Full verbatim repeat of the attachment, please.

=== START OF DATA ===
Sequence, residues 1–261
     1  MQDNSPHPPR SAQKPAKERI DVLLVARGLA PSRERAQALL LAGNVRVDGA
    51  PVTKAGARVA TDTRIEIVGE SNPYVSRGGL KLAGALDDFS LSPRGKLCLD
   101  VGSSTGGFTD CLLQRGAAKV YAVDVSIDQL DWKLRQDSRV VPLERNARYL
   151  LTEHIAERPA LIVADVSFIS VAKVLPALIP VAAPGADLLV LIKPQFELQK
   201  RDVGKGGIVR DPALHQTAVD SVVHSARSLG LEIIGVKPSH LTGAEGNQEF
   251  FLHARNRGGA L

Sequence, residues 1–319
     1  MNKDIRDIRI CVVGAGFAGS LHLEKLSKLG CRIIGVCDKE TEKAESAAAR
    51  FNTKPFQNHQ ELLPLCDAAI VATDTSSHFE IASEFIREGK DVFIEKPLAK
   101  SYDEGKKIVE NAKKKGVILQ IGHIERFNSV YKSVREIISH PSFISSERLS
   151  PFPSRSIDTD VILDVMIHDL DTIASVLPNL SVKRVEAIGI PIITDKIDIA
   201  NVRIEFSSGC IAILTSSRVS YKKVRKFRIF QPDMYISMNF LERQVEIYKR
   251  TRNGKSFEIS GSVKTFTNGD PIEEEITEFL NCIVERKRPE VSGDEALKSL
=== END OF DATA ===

Sequence, residues 1–261
     1  MQDNSPHPPR SAQKPAKERI DVLLVARGLA PSRERAQALL LAGNVRVDGA
    51  PVTKAGARVA TDTRIEIVGE SNPYVSRGGL KLAGALDDFS LSPRGKLCLD
   101  VGSSTGGFTD CLLQRGAAKV YAVDVSIDQL DWKLRQDSRV VPLERNARYL
   151  LTEHIAERPA LIVADVSFIS VAKVLPALIP VAAPGADLLV LIKPQFELQK
   201  RDVGKGGIVR DPALHQTAVD SVVHSARSLG LEIIGVKPSH LTGAEGNQEF
   251  FLHARNRGGA L

Sequence, residues 1–319
     1  MNKDIRDIRI CVVGAGFAGS LHLEKLSKLG CRIIGVCDKE TEKAESAAAR
    51  FNTKPFQNHQ ELLPLCDAAI VATDTSSHFE IASEFIREGK DVFIEKPLAK
   101  SYDEGKKIVE NAKKKGVILQ IGHIERFNSV YKSVREIISH PSFISSERLS
   151  PFPSRSIDTD VILDVMIHDL DTIASVLPNL SVKRVEAIGI PIITDKIDIA
   201  NVRIEFSSGC IAILTSSRVS YKKVRKFRIF QPDMYISMNF LERQVEIYKR
   251  TRNGKSFEIS GSVKTFTNGD PIEEEITEFL NCIVERKRPE VSGDEALKSL